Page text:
Showing posts with label Italian Racing Cars. Show all posts
Showing posts with label Italian Racing Cars. Show all posts

Ferrari 312T

Ferrari 312T 1970s Italian F1 car

The 312T won the '75 F1 World Championship. Ferrari were cock-a-hoop. It had been eleven long years since the last one. Having the great Niki Lauda as driver helped, of course. But, Lauda would have been first to acknowledge the contribution of a fellow member of the Ferrari team. Namely, Mauro Forghieri - who designed the 312T's engine.

The Ferrari flat-12's motor had slimmer bores than those of the V-configured layouts of other teams. That allowed them to rev higher. Increased engine speeds meant more horsepower. It also meant more fuel consumption - so the 312T hit the grid heavier than its rivals. Thus, it fell to Ferrari's strategists to erase that handicap as the race wore on. They obviously made a good fist of it. Lauda won three consecutive races - 5, 6 and 7 - in Monaco, Belgium and Sweden. He had added two more by season's end. Deservedly, then, he took his first World Championship. Small wonder he described it as 'the unbelievable year'! To be fair to their competitors - not least, Brabham - Ferrari's car was head and shoulders above the rest.

Engine man Mauro Forghieri's masterstroke was his positioning of the 312T's gearbox. The horizontally-opposed flat-12 set-up meant the motor's mass sat lower. The result was better handling. Still a bit twitchy - but a big improvement on the Ferrari 312B3's understeer. Forghieri took weight distribution a step further. By placing the gearbox behind the engine, mass was not just lowered - but more centralised, too. The 312T now manoeuvred as well as it moved. At the start of the '76 season, the 312T was to win another three back-to-back GPs. But, '75 had been the car's finest hour. Niki Lauda - alongside team-mate Clay Regazzoni - had done the Tifosi proud. The Scuderia Ferrari fanatics had seen their team restored to the upper echelon of world motorsport. So, on top of being one of the most iconic race cars ever built, the 312T was a terrific all-round package. As such - in terms of technology - Ferrari pointed the way to the fully-integrated future of F1.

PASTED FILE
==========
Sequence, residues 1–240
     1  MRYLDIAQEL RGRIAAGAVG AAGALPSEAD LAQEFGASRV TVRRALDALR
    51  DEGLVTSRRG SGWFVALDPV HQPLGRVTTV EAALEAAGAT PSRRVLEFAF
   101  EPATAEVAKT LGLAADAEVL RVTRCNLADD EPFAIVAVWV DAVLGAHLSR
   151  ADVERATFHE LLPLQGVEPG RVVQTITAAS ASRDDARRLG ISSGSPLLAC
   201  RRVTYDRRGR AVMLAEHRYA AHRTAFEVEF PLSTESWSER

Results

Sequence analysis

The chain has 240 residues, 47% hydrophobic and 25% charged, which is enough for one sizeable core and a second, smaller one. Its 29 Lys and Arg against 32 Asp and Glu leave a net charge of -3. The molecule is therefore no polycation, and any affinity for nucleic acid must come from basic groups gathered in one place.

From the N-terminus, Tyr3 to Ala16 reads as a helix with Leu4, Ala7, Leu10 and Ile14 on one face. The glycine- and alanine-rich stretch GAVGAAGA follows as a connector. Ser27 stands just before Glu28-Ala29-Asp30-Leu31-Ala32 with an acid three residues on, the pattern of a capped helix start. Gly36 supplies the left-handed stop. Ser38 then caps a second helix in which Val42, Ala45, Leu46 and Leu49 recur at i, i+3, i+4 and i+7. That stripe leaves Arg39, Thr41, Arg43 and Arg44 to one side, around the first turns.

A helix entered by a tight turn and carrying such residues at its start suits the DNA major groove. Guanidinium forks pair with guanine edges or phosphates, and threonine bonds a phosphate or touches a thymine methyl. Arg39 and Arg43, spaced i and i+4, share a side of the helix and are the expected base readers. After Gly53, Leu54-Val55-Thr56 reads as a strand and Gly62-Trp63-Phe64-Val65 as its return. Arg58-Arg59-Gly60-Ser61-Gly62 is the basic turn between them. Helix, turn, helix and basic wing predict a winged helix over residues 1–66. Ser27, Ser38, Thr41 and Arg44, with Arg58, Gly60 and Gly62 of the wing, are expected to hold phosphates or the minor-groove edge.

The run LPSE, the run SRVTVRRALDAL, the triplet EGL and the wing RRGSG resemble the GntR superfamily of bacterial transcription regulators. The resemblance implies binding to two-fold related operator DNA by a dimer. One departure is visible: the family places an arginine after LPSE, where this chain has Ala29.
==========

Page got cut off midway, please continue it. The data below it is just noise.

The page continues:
Maserati 250F

Maserati 250F 1950s F1 car

The 250F was from a strong stable. Maserati was a red-blooded équipe, if ever there was one. Founded in '26, it took the team just eight years to become the world's biggest builder of single-seater race cars. For the first twenty years, Maserati was devoted solely to racing. So, by the time it got round to building production cars, it had learned a thing or two!

The 250F hit the grid in '54. It was fully prepared for the challenges ahead. Its straight-six motor came with three twin-choke Weber carburettors. Like most other GP cars of the era, its engine was front-mounted - and powered the rear wheels. Top speed was 185mph. Engine capacity was 2,490cc. The chassis comprised a tubular steel frame, independent wishbone/coil spring front suspension, and a de Dion rear axle. In '57, Maserati unleashed an updated 250F. It was fitted with a 5-speed gearbox and fuel injection. Power had been upped to 270bhp. Bodywork had been revised. The new frontal area was stiletto-sharp. Braking, too, had been improved. The 250F was now at the peak of its development cycle.

Juan Manuel Fangio was Argentinian. He was also a driving ace. When he climbed into the 250F's cockpit he was already a motor racing legend. The beefed-up version of the car would bring him his fifth World Championship. En route to that, his win in the German GP - at the Nürburgring - has gone down in folklore. Peter Collins - in a Ferrari - was the hapless victim of a genius at work. The Ferrari had been way out in front. But that was before Fangio decided to turn up the wick. Four-wheel drifting his 'Maser' - with robotic precision - he caught up with Collins. As he duly went by him, it was as if man and machine melded. It was the greatest performance either of them ever gave. Motor racing as science. Sporting endeavour of the highest order. Fortunate, indeed, were those in attendance that August day, in Germany. The Maserati 250F - piloted by possibly the best driver of all time - had scaled rarefied racing heights!